At the TIFF Kids' Film Festival and Industry Conference
Sara Grimes on digital media content created by kids, for kids
The Toronto International Film Festival (TIFF) has become a global must-attend event for the world’s filmmakers and documentarians. But this month’s TIFF Kids Film Festival and TIFF Kids Industry Conference will add some pint-sized culture to the TIFF’s glamorous image.
Along with children’s films and industry schmoozing, the festival will include exhibits, panel discussions, and hands-on activities. Of course, there will also be appearances by celebrities such as Caroll Spinney, the legendary Sesame Street puppeteer responsible for Big Bird and Oscar the Grouch.
This is exactly the sort of milieu that inspires University of Toronto assistant professor Sara Grimes of the Faculty of Information (iSchool). As a researcher specializing in kids’ media and gaming culture, she’ll be participating in several exciting events at this month’s festival.
What will you be doing at the TIFF Kids Film Festival?
I have a couple of different roles. I am heading a panel on April 15th, where I'll be discussing the initial findings from a SSHRC-funded project I’m researching called the Kids DIY Media Partnership. The panel will also feature Dr. Deborah Fields (Utah State University); Jason Krogh who is the CEO of Sago Sago, a leading developer of digital toys for young children; Brian Alspach, Executive Vice President at E-Line Media, a publisher of game-based learning products; and will be moderated by David Kleeman, PlayVangelist for PlayCollective.
Dr. Fields and I have also curated an exhibit featured in the TIFF Kids digiPlaySpace, an interactive space where kids can engage with emerging creative and uniquely interactive media technologies. And we're leading a workshop for children's media professionals on April 17th on "Kids' DIY Media: Best Practices for Creating Online Sharing Environments for Children."
Can you tell us more about the project you’re working on?
The Kids DIY Media project is a cross-sector collaboration aimed at advancing our understanding of an important emerging phenomenon – children's increased participation in the online creation and sharing of digital media content – and mapping the various opportunities and challenges involved. The project’s overall goals are to build a better understanding of the technologies, users and stakeholder interests involved in the children’s online DIY media phenomenon, and to produce an inclusive, ethics-based, empirically and theoretically grounded set of best practices for industry, policy recommendations for regulators, as well as resources for kids, parents and educators.
Why should kids learn how to make media?
Making media has long been a key part of childhood – from drawing pictures, to making home movies, to writing short stories and poems. These activities form a crucial part of children’s cultural experience, their social interactions, and well-being. They're also understood to provide significant opportunities for learning.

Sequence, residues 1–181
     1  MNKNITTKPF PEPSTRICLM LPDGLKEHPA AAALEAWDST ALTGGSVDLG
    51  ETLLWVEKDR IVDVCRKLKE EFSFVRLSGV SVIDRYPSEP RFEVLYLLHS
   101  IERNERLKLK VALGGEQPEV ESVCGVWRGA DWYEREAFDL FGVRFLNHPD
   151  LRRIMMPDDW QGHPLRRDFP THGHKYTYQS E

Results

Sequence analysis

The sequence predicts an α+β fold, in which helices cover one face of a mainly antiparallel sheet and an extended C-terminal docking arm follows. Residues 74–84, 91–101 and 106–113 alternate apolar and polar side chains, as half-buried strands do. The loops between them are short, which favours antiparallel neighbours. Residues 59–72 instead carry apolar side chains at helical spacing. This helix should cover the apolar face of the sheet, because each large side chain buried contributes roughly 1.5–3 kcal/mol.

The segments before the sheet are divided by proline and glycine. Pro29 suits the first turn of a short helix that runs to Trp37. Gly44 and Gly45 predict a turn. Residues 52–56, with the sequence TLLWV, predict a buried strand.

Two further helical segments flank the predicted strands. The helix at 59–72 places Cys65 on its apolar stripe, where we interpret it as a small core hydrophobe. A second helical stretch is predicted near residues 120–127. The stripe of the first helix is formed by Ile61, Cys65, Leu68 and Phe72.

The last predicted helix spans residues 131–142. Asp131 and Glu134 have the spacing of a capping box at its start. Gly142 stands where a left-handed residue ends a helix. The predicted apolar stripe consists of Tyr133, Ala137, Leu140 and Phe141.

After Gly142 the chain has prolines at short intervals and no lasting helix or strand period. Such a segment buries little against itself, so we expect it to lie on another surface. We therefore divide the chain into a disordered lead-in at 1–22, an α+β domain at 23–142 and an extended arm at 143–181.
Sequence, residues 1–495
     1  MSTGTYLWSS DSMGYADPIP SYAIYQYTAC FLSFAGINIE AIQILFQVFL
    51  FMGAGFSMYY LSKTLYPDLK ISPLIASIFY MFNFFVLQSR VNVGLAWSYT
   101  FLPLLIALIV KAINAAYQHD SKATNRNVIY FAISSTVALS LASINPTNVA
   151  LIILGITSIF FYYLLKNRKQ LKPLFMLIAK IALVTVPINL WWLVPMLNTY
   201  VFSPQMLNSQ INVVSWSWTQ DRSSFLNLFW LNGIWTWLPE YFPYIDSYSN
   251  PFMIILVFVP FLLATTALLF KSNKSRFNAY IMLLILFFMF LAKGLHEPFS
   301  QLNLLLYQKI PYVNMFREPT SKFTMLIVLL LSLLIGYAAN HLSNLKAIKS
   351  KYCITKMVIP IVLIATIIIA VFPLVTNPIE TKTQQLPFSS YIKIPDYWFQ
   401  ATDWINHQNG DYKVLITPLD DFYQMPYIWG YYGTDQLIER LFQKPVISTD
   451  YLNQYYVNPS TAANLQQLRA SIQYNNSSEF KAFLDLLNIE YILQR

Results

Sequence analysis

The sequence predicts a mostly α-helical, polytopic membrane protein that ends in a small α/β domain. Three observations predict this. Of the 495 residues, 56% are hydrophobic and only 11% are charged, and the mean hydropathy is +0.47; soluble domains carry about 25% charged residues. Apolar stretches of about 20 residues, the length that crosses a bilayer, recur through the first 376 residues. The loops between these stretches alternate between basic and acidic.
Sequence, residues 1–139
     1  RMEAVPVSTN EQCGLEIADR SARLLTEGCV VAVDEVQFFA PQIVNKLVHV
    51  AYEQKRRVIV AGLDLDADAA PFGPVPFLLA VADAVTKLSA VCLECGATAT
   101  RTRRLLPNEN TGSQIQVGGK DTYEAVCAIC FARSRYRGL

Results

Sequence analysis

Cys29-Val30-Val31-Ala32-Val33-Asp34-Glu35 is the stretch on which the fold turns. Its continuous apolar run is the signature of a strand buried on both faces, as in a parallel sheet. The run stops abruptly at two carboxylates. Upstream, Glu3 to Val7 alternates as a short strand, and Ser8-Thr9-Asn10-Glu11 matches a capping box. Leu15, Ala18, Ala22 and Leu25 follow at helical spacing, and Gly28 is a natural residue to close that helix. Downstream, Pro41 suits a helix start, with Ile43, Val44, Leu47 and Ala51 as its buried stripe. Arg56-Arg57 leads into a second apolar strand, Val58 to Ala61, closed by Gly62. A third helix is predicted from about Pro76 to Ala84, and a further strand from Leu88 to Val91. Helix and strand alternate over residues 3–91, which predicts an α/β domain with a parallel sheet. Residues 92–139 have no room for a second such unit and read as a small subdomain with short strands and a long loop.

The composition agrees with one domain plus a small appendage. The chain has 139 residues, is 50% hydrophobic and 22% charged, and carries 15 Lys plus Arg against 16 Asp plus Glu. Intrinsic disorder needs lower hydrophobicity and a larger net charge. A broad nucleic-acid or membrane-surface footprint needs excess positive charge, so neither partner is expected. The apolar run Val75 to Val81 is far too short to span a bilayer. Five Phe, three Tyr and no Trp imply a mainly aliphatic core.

Today, children’s DIY media creation increasingly takes place online, using digital tools that allow them to produce and share their ideas with the world. This has significantly expanded the impact and visibility of kids' DIY media making, and introduced a number of important new dimensions to the making experience. For one, digital media creation enables kids to develop many valuable skills and literacies. Perhaps even more importantly, kids' participation in an online, shared media landscape could contribute significantly to the democratization of children's media.
This is especially pertinent when we think about the new opportunities to produce and share that are opening up to kids that have traditionally been systematically excluded from both media production and equitable representation, including children with disabilities, children from rural areas, First Nations, immigrants and minorities.
Don't kids play enough video games? Should we be encouraging them to play more?
Children's media includes all sorts of amazing books, films, games and toys, but until now it has mostly been a genre made by adults for kids. The introduction of DIY media tools for kids to make their own media, to share it with other kids, to watch, read and play media made by kids like them, turns this old model on its head. I can't wait to see how much the landscape will change, and become richer and more diverse as a result.
What advice would you give to parents who’d like their children to start media making?
For most parents, the first step will likely be to acknowledge how and where their kids are already engaged in media making – either in their play, in their hobbies, in interactions with their friends, or at school. Being supportive and pointing them to resources they can use to develop their skills and interact with other creators is also key. Kids learn a lot from each other, and a lot from engaging in collaboration, as well as giving and receiving feedback on their creations from other media makers. And keeping an open mind about the creative process is important too. Making is messy, and the best experiences happen when there are few rules.